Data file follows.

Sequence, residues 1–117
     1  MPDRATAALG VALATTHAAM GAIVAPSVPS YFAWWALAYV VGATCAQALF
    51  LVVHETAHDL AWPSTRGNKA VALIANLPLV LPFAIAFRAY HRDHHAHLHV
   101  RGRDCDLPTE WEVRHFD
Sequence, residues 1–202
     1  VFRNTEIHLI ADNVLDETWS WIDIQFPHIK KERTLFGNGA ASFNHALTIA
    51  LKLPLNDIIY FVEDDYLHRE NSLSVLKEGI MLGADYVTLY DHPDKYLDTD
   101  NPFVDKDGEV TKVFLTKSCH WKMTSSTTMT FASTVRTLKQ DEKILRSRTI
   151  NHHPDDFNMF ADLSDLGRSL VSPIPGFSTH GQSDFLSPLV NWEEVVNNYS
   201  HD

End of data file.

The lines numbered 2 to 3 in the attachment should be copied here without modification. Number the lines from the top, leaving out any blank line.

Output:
     1  MPDRATAALG VALATTHAAM GAIVAPSVPS YFAWWALAYV VGATCAQALF
    51  LVVHETAHDL AWPSTRGNKA VALIANLPLV LPFAIAFRAY HRDHHAHLHV